Eastern Psychological Association Conference 2008
Release date: March 18, 2008
The EPA was founded in 1896 and is the oldest regional psychological association in the United States. The EPA provides an opportunity for faculty, practitioners, students and others to present their work in an informal, supportive environment.
Four faculty members (Dr. Ann McKim, Dr. Tom Ghirardelli, Dr. Choe, and Dr. Pederson) and nine current and graduated students (Mouna Attarha, Leah Bailey, Kelly Hugger, Shari Metzger, Tova Narrow, Brittaney Parker, Emily Ramsay, Melissa Talleda, and Monica Zilioli) flew from Baltimore to be part of this year's meeting.
Some of the invited speakers included Howard Eichenbaum on “The Neurobiology of Recollection,” Ed Wasserman on “Conceptual Behavior in Humans and Animals,” Adele Diamond on “Helping Children become Masters of their Own Behavior,” Saul Kassin on “Why Innocents Confess,” along with many other impressive speakers.u
Goucher’s Perception Poster, titled “Practice Reduces the Attentional Blink through Consistent Mapping of the Probe” was researched by Dr. Thomas G. Ghirardelli, Mouna Attarha, Melissa Talleda, Monica Zilioli, and Leah Bailey. The Attentional Blink (AB) is a temporary deficit in detecting a probe presented soon after target in a rapid serial visual presentation (RSVP; Raymond, Shapiro & Arnell, 1992). Participants (N=4) first performed a standard AB task in multiple sessions. Probe detection improved with repeated practice. These practice effects did not transfer from the initial task to a second task with a new probe. This has implications for current accounts of the AB.
A Social Psychology Poster, titled The Downside of Disorganization” was researched by Dr. Ann Elaine McKim, Dr. Karen Martinkowski, Brittany Parker, Kelly Hugger, and Tova Narrow. Both positive psychology and feng shui investigate behaviors, cognitions and emotions that enhance peoples’ lives. This study explored the reliability and validity of the McKim and Martinkowski Lack of Organization Scale (MMLOS). Four hundred and ten participants filled out the MMLOS twice, as well as completed five other self-report scales. Results showed that disorganization (called “clutter” in feng shui) in physical, emotional and social realms are correlated with anxiety, depression, stress, and lack of hope.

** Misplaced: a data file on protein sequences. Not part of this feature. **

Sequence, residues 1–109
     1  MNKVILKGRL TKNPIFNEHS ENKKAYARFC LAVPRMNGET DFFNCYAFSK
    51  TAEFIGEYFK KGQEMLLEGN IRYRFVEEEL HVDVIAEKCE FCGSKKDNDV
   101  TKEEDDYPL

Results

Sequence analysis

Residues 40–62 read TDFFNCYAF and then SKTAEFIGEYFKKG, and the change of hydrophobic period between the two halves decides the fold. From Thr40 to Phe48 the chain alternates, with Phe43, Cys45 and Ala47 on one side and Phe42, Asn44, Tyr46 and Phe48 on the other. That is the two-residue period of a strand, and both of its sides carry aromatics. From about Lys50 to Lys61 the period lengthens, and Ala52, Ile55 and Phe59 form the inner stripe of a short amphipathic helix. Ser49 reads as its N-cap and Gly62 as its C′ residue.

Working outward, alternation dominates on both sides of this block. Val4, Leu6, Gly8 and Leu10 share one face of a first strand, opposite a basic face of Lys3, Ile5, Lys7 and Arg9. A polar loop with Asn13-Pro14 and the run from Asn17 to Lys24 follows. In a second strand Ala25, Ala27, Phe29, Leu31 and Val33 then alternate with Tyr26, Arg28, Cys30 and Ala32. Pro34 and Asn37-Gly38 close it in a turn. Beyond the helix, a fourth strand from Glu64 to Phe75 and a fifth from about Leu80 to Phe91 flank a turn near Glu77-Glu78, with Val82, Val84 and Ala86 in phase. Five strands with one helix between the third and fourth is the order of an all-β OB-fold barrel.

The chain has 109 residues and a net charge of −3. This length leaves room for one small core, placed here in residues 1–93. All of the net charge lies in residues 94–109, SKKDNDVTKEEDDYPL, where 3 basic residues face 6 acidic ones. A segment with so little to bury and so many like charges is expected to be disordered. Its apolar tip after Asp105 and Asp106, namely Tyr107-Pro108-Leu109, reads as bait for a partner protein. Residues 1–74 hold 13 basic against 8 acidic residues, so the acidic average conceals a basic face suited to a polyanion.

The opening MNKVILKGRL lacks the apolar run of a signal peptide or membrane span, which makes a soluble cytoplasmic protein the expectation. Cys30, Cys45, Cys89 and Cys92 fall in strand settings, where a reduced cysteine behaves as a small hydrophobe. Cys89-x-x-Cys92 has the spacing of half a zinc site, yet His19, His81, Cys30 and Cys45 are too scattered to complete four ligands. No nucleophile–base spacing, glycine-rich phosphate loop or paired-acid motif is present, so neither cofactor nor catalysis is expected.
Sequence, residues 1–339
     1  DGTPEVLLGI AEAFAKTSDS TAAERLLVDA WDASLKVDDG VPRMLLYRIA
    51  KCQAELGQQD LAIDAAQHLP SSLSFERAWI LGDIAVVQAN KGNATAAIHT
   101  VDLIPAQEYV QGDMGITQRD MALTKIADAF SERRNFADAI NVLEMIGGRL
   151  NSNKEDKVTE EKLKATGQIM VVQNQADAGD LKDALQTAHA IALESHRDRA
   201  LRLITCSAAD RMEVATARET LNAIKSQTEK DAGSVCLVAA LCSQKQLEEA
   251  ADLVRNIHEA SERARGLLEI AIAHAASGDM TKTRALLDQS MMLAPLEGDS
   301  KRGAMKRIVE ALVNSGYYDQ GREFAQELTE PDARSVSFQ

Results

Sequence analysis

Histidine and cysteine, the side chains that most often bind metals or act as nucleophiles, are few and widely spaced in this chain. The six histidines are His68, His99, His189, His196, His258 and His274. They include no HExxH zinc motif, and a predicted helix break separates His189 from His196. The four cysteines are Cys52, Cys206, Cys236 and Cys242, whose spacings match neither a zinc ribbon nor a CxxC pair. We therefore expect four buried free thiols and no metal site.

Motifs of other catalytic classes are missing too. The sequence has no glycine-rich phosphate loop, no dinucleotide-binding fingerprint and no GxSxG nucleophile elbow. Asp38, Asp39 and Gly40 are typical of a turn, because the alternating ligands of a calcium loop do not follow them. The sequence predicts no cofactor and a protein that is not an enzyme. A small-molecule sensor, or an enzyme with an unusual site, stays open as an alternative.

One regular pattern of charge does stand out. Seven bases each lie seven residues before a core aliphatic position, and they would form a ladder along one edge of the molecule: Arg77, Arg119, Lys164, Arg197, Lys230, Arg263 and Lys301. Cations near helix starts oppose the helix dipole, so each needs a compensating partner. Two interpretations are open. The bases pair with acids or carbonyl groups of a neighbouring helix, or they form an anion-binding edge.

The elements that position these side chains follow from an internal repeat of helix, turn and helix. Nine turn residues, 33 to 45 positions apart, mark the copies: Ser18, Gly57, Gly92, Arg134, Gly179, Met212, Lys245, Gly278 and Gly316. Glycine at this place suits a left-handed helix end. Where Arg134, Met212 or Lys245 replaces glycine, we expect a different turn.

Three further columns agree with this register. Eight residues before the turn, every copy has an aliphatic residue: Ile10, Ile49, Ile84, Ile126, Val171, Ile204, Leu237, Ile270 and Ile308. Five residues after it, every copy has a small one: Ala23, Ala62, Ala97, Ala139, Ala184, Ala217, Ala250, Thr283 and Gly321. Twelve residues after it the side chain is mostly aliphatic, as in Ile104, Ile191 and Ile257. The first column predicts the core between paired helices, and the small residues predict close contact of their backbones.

A Cognitive Poster, titled “Additional Evidence for Faster Processing of Synesthetic Colors in Speed Classification of Arithmetic Equations” was researched by Dr. Carol Bergfeld Mills, Dr. Thomas G. Ghirardelli, Monica Zilioli, Leah Bailey, and Shari R. Metzger. Clark, Hurd and Ghirardelli (2007) showed that for a color-digit synesthete, synesthesia facilitates processing of addition equations. For this study, they presented the synesthete with a computerized task involving multiplication or division equations presented in colors that matched her color-digit photisms, colors that did not match her photisms, and in black. Her response time was significantly faster to equations that matched her photisms, indicating that her synesthesia impacted her processing of equations.
This EPA Conference was a great experience for the Goucher students and professors, and it is hoped that students in the psychology department will continue to present their research at this conference in the future!